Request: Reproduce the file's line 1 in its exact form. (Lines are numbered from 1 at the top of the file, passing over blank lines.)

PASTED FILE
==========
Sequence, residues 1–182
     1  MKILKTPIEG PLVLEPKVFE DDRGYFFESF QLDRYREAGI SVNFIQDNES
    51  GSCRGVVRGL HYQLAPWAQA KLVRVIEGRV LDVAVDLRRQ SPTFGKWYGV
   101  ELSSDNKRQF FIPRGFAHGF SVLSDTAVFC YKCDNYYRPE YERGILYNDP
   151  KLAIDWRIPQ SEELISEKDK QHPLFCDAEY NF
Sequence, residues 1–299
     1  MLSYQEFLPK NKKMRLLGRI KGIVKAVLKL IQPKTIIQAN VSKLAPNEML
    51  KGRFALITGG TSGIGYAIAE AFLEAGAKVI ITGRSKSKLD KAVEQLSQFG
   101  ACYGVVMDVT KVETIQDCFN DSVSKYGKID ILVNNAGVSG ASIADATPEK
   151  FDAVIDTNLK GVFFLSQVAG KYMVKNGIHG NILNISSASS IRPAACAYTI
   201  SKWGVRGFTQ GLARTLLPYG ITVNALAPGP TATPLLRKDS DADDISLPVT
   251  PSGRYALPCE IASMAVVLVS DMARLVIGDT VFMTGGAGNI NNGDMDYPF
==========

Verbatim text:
Sequence, residues 1–182